The good news is, you can. Here are three of my favorite tactics that will help make your email inbox one of your best productivity tools:
1. Create an easy follow-up system
Do you ever find yourself reviewing your "sent items" folder to remind yourself of who you need to follow up with? As an entrepreneur, you're surely sending out a lot of messages introducing your service or product to prospective clients or requesting meetings.
While you often intuitively know you need to follow up with a person or group you've emailed, you can make it easier to track those correspondences. Do this by BCCing yourself on the emails you want to remember to follow up with to streamline the process.
For example, let's say I email someone requesting website analytics. I know I want to follow up with them if I don’t hear back by tomorrow afternoon, so I simply BCC myself. When that email comes to my inbox, I can then easily move or tag it to a folder labeled "follow up." I generally check this folder every three to five days to stay on top of messages for which I expect a reply.
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2. Set up more meaningful signatures
Over the course of the next week, notice when you copy and paste something from a previously sent email to someone new. Also, before you click "send" on an email, pause and ask yourself: "Will I ever send something like this again?" If the answer is yes (or even maybe), make a custom signature in which you save that content. This step alone makes managing my email much less unwieldy and has saved me hundreds of hours over the past three years.
Whenever someone asks me a new question about productivity, leadership development or executive coaching, I answer as comprehensively as possible and save the response in a new, up-to-date signature so I can use it again in the future. I've even saved a lot of these "signatures" as shortcuts on my iPhone and iPad so that I can reply just as effectively from my handheld device.
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3. Make your subject line actionable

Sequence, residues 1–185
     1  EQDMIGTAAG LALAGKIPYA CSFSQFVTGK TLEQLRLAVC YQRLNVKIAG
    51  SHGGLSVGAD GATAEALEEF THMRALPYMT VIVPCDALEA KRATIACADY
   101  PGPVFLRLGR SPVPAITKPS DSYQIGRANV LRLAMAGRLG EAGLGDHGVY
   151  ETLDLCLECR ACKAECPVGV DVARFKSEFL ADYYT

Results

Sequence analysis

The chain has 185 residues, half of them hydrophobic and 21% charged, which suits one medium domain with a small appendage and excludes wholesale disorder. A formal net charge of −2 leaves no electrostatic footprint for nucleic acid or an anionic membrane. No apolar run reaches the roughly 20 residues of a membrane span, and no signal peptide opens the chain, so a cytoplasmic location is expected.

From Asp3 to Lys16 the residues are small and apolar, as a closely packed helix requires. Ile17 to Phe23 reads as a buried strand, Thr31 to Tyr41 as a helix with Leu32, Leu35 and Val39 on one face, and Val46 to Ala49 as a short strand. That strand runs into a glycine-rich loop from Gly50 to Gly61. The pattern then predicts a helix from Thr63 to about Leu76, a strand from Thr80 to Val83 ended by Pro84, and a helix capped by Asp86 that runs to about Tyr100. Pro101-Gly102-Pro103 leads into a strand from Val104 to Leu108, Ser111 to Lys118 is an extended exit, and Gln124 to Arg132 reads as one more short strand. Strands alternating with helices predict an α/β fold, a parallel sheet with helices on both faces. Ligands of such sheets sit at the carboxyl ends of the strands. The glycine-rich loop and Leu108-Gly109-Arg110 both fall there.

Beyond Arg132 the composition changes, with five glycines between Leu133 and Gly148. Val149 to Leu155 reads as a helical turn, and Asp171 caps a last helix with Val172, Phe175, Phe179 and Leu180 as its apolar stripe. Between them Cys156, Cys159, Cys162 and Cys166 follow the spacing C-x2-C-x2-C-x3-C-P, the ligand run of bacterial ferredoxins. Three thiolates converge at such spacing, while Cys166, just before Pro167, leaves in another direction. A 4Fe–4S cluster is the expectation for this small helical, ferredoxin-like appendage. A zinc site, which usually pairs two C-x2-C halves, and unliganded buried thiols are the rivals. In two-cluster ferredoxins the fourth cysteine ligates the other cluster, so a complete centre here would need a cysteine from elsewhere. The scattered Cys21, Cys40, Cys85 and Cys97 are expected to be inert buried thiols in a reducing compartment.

Have you ever gotten an email from someone with the subject line: "Opportunity"?
Think about what you have to do with this email. If it's long, you have to read through the whole thing, looking carefully for said opportunity. How to remedy this?
Here’s a trick I've been using for a long time. I write the subject lines of my emails last, starting out with a verb that describes what needs to be done and a noun encapsulating what the email message is about directly. Over the past few years, I've realized I consistently make requests via email asking recipients to call, schedule, view, print, sign, scan, return or confirm receipt of a document.
It's only fair to let the recipient know exactly what I need them to do when they see the email show up in their inbox so they can get to it more quickly. At my company, we've standardized the verbs used in email subjects so that everyone on our team is on the same page. For example, if I need one of my staff to take an action, I type in the subject line: "Call Susan B. today to confirm start time for Tuesday's workshop: 415-555-xxxx.' This makes it very clear what I need done and provides all relevant information as succinctly as possible.
While the next disruption to digital communication may be right around the corner, in the meantime, we still have the email inbox to manage. These three tactics will help make your email an efficiency tool rather than a disruption to your day.
What email management tip would you add?